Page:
Lincoln's Air Force← Previous Page
Construction of the first official military balloon began on August 2. On August 29 the military balloon “Eagle” was completed and Lowe was ordered to bring it to Fort Corcoran, where General George McClennan, commander of the Army of the Potomac, was currently stationed.
Lowe flew on regular reconnaissance flights for several weeks in September near Fort Corcoran and gave General McClennan daily reports on the Confederate troop movements. On September 24 Lowe ascended in his balloon near Falls Church, Virginia with a telegrapher so he could give another reconnaissance report to the general. When they were aloft, Lowe realized that the Union artillery were not shooting their targets accurately. Lowe signaled corrections to the General and helped the troops direct the ground fire towards enemy lines. This was the first time in American history that ground fire had been directed from the air. Army officials were so impressed with Lowe that they authorized him to build four more balloons for the Union.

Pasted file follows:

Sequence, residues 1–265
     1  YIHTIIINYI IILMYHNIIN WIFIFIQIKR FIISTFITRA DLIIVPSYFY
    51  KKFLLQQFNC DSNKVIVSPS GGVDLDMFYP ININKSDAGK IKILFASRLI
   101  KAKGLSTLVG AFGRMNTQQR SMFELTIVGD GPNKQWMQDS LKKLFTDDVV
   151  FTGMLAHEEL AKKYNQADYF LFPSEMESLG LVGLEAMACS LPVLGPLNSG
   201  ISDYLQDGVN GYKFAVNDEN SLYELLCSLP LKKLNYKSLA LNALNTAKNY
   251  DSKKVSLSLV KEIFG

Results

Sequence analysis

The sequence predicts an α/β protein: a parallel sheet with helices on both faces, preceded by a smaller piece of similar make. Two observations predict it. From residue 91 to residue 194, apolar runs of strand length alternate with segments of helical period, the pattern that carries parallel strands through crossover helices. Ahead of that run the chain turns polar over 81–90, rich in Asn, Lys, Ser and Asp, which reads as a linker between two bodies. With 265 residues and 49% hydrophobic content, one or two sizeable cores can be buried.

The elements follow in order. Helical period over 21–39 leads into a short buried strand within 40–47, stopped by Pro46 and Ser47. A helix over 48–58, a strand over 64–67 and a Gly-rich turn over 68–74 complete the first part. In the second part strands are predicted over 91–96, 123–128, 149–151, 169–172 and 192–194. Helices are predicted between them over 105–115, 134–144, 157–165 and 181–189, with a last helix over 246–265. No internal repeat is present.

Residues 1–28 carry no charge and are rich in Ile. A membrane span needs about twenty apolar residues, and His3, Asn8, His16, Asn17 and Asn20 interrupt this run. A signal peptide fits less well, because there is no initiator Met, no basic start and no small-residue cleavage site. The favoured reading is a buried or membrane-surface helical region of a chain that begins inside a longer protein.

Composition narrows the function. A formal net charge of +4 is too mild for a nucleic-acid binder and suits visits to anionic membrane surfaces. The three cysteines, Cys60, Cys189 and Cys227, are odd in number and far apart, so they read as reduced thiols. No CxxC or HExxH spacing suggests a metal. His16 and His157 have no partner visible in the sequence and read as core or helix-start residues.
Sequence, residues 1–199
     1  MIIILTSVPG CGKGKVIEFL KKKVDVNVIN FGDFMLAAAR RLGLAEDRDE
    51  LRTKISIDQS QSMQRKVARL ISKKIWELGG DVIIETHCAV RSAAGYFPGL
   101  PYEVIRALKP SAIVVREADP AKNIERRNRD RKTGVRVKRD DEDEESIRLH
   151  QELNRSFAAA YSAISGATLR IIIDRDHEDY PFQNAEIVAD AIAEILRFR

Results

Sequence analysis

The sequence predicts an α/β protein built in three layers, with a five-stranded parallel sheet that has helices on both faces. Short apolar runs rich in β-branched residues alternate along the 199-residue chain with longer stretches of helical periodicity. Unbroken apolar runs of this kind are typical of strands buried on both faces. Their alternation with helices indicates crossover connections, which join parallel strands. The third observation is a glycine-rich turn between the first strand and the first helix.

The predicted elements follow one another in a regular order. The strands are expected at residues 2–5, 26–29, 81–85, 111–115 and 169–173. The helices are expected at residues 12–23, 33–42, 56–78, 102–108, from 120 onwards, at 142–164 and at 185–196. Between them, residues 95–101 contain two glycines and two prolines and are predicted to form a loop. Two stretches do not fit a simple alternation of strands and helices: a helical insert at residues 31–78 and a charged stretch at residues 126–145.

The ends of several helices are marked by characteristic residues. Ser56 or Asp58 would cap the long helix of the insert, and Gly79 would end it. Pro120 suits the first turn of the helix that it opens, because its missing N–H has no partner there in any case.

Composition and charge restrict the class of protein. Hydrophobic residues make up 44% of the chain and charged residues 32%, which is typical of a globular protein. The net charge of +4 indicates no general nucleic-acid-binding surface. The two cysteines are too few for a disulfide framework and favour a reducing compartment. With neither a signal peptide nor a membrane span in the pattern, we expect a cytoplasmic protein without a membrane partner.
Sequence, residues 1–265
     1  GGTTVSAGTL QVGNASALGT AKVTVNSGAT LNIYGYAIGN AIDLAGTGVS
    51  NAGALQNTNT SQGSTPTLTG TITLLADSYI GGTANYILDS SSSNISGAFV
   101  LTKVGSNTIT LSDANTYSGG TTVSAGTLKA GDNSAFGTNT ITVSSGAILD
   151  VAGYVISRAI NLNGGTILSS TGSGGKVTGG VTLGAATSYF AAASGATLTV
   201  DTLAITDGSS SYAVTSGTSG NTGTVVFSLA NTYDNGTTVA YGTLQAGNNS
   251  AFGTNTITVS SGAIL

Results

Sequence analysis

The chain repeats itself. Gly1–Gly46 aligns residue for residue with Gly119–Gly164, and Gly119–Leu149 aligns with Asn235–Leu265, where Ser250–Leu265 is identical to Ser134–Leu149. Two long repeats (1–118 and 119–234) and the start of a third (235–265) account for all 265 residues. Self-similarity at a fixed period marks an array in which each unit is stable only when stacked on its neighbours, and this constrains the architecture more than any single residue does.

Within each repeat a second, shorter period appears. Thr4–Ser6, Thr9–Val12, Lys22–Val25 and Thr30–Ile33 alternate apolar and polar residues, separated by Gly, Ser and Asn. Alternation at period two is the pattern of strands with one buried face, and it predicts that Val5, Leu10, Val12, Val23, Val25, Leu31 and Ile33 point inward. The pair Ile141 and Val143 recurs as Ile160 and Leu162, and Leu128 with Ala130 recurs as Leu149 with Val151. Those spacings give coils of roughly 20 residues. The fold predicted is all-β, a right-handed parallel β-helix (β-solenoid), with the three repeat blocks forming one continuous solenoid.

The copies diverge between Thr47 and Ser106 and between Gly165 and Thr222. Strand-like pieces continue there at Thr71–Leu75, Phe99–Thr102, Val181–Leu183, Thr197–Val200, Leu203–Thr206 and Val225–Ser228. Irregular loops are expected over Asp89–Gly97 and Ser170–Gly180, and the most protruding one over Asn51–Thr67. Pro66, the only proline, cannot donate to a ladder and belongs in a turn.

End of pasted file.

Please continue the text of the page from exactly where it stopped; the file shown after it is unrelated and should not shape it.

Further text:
Lowe’s importance with the Union Army grew when the Navy heard of the Confederate’s plans to try to blockade the Potomac River and thus prevent the shipment of vital shipping supplies. Lowe and General Hooker took a flatboat and loaded it with the balloon “Constitution” and a new portable generator and set off down the Potomac on a spying expedition. They tethered the balloon to the boat and launched it from the river. While aloft General Hooker made rough sketches of the enemy’s movements.
By the end of 1861 Thaddeus Lowe and his balloon corps had gained the respect of the United States military.
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